A guide to mint with information on the nutritional value of mint and ideas for use.

mint
Mint is widely used in commercially manufactured products, cooking and medicine for its aromatic and flavoursome qualities. Peppermint, one of the most popular species of the mint plant, can be found in toothpaste, chewing gum, mouthwash, soaps, sweets, balms or creams and cough medicine.

There are many other types of mint including, applemint, water mint, horsemint, pineapple mint, orange mint, pennyroyal and spearmint. Pennyroyal is toxic if taken internally, causing severe liver damage, but it can be rubbed onto the skin to repel insects and prevent them from biting.

Apart from peppermint, spearmint is probably the most widely used species of mint. It is not as strong as peppermint in flavour and is therefore used in cooking and added to sauces, dressings, cakes and can be added as a garnish to dishes.

The history of mint

Mint is known to have originated in Asia and the Mediterranean region. In many cultures, mint symbolised hospitality and was offered as a sign of welcome and friendship to guests as they arrived.

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In the Middle East mint tea is still served to guests on their arrival, whilst in ancient Greece, the leaves of mint were rubbed onto the dining table, which was a sign of their warm greeting.

Mint was also often used as an air freshener and was placed in the rooms of houses, synagogues and temples to clear and freshen the air and rid the smell of unpleasant odours from the room. The Greeks and the Romans used mint as a perfume and a bath scent, as well as using it in medicine and in cooking.

Mint was so revered by the ancient Greeks that they named the plant after the mythical character Minthe. According to Greek myth, Minthe or Menthe as she is also known, was a river nymph. Hades, the God of the Underworld, fell in love with Minthe and wanted to make her his lover. However, Persephone, Hades's wife found out and in a fit of rage turned Minthe into a plant, so that everyone would walk all over her and trample her. Unable to undo the spell, Hades gave Minthe a wonderful aroma so that he could smell her and be near her when people trod on her.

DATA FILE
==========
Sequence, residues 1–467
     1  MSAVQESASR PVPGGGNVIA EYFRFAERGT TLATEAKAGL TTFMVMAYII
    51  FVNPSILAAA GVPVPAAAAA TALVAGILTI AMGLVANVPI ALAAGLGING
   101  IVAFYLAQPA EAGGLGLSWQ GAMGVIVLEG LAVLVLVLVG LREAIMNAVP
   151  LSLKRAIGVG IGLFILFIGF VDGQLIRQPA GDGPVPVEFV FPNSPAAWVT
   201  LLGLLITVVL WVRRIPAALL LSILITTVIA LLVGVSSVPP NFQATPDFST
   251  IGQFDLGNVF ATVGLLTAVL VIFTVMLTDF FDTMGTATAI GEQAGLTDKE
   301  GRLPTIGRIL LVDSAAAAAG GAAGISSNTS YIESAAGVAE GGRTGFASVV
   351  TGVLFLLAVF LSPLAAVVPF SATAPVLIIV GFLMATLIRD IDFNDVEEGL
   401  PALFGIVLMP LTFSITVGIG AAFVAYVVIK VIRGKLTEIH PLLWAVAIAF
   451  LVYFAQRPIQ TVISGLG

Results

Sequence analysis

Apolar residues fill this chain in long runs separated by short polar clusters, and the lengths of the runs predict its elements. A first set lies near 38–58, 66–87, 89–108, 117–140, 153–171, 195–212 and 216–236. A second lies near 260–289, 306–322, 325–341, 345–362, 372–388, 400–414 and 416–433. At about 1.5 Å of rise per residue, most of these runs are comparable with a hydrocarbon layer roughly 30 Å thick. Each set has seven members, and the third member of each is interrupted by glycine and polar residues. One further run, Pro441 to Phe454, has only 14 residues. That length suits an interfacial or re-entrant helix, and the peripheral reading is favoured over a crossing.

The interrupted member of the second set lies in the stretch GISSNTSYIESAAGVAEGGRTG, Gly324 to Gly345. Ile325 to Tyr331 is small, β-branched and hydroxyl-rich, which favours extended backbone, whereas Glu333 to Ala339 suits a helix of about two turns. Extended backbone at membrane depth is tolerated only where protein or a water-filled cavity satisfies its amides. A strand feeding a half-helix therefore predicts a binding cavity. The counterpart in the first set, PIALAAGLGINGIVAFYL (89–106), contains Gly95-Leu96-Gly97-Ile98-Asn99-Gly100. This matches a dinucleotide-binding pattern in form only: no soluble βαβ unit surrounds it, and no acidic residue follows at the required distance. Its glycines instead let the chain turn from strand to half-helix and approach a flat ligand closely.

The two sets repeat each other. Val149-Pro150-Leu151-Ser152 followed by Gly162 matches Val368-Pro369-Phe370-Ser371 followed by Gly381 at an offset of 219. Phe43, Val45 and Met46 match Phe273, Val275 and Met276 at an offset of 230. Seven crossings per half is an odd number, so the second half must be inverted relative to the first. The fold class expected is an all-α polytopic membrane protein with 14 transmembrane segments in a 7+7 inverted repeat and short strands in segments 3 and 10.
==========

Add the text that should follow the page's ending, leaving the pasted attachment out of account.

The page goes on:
The nutritional value of mint

Mint contains a number of vitamins and minerals, which are vital to maintain a healthy body. Mint is rich in Vitamins A and C and also contains smaller amounts of Vitamin B2. Vitamin C is an important antioxidant and may help to decrease the risk of certain cancers such as colon and rectal cancer. Although mint may be consumed in small quantities, the vital nutrients obtained are still beneficial to one's health.

Mint also contains a wide range of essential minerals such as manganese, copper, iron, potassium and calcium.

The medicinal properties of mint

Mint has always been used medicinally to aid digestion and relieve indigestion. If you suffer from frequent indigestion, drinking a cup of peppermint tea after your meal may help.

The chemical compound menthol, which is obtained from peppermint oil, is well known for its healing properties on the chest and respiratory system.

Mint is also said and in many cases proven to:
  • Relieve symptoms of indigestion, heartburn and irritable bowel syndrome by relaxing the muscles in and around the intestine.
  • Act as a powerful antioxidant, protecting the body against the formation of cancerous cells.
  • Inhibit the growth of many different types of bacteria and fungus.